Osiris (from Egyptian wsjr, Coptic) is an Egyptian god, identified as the god of the afterlife, the underworld, and rebirth.
In textual studies, a palimpsest is a manuscript page, either from a scroll or a book, from which the text has been scraped or washed off so that the page can be reused for another document.
Paremhat (Ⲡⲁⲣⲉⲙϩⲁⲧ), also known as Phamenoth (Φαμενώθ, Phamenṓth) and Baramhat.
Patrick James Woodroffe (27 October 1940 – 10 May 2014) was an English artist, etcher and drawer, specialised in fantasy science-fiction artwork, with images that bordered on the surreal.
As a highly celebrated saint in both the Western and Eastern Christian churches, Saint George is connected with a large number of patronages throughout the world, and his iconography can be found on the flags and coats of arms of a number of cities and countries.
Paul the Apostle (Paulus; translit, ⲡⲁⲩⲗⲟⲥ; c. 5 – c. 64 or 67), commonly known as Saint Paul and also known by his Jewish name Saul of Tarsus (translit; Saũlos Tarseús), was an apostle (though not one of the Twelve Apostles) who taught the gospel of the Christ to the first century world.
Persian, also known by its endonym Farsi (فارسی), is one of the Western Iranian languages within the Indo-Iranian branch of the Indo-European language family.
Peter I (Pedro, Pero, Petri; 1068 - 1104) was King of Aragon and also Pamplona from 1094 until his death in 1104.
Peter II the Catholic (July 1178 – 12 September 1213) was the King of Aragon and Count of Barcelona from 1196 to 1213.
Pharaoh (ⲡⲣ̅ⲣⲟ Prro) is the common title of the monarchs of ancient Egypt from the First Dynasty (c. 3150 BCE) until the annexation of Egypt by the Roman Empire in 30 BCE, although the actual term "Pharaoh" was not used contemporaneously for a ruler until circa 1200 BCE.
A pigment is a material that changes the color of reflected or transmitted light as the result of wavelength-selective absorption.
Plate armor is a historical type of personal body armour made from iron or steel plates, culminating in the iconic suit of armour entirely encasing the wearer.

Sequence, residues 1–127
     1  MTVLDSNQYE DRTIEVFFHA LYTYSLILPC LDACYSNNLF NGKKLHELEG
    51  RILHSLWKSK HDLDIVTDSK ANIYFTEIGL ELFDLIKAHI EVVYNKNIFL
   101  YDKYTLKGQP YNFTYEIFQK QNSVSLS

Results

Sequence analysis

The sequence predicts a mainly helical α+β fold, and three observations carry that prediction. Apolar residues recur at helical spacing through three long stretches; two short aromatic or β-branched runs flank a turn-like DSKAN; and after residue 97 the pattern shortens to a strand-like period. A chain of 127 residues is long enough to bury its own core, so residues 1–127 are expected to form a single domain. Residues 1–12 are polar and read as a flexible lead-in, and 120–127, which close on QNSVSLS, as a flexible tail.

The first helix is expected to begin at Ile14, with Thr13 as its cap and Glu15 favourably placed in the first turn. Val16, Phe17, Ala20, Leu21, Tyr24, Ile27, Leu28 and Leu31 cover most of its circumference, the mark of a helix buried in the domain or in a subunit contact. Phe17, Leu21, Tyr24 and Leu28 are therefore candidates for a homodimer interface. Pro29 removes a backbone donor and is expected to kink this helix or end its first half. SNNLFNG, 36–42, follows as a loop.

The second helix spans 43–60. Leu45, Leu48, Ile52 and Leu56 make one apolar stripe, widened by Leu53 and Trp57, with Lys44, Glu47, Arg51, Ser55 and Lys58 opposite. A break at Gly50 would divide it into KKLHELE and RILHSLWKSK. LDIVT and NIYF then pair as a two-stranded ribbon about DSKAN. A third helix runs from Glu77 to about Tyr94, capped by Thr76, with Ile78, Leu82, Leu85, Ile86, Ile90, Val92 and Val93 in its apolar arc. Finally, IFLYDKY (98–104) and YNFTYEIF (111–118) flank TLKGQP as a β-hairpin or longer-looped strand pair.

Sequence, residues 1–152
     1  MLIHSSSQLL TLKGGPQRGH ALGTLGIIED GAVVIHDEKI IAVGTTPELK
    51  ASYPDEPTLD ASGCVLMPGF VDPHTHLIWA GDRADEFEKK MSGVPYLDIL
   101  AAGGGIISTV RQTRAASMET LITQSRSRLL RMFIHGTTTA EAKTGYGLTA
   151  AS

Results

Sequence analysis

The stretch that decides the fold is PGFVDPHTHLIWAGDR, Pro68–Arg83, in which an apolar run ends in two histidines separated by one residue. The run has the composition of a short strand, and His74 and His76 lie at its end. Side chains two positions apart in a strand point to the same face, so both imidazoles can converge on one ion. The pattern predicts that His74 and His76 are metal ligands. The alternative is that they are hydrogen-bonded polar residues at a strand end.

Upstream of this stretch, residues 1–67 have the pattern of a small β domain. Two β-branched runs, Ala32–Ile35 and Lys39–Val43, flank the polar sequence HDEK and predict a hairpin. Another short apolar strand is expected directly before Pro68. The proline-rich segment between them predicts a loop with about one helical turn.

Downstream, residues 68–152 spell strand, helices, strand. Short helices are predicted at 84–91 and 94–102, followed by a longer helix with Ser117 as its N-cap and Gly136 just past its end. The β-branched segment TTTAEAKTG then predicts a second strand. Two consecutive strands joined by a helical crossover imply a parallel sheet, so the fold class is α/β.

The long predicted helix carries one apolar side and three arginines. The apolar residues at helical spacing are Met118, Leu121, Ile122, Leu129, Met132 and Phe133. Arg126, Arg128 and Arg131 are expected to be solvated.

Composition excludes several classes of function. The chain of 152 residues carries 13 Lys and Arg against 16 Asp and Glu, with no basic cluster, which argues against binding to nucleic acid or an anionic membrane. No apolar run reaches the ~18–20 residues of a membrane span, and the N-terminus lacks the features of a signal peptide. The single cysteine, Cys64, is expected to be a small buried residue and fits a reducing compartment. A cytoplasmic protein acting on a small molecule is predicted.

Plášťovce (Palást) is a village and municipality in the Levice District in the Nitra Region of Slovakia.
Pope Gelasius I (died 19 November 496) was Pope from 1 March 492 to his death in 496.
Pope John XXIII (Ioannes; Giovanni; born Angelo Giuseppe Roncalli,; 25 November 18813 June 1963) was head of the Catholic Church and sovereign of the Vatican City State from 28 October 1958 to his death in 1963 and was canonized on 27 April 2014.
Pope Paul VI (Paulus VI; Paolo VI; born Giovanni Battista Enrico Antonio Maria Montini; 26 September 1897 – 6 August 1978) reigned from 21 June 1963 to his death in 1978.
Pope Pius XII (Pio XII), born Eugenio Maria Giuseppe Giovanni Pacelli (2 March 18769 October 1958), was the Pope of the Catholic Church from 2 March 1939 to his death.
Portugal, officially the Portuguese Republic (República Portuguesa),In recognized minority languages of Portugal: Portugal is the oldest state in the Iberian Peninsula and one of the oldest in Europe, its territory having been continuously settled, invaded and fought over since prehistoric times.
The Portuguese Army (Exército Português) is the land component of the Armed Forces of Portugal and is also its largest branch.
The Portuguese Navy (Marinha Portuguesa, also known as Marinha de Guerra Portuguesa or as Armada Portuguesa) is the naval branch of the Portuguese Armed Forces which, in cooperation and integrated with the other branches of the Portuguese military, is charged with the military defense of Portugal.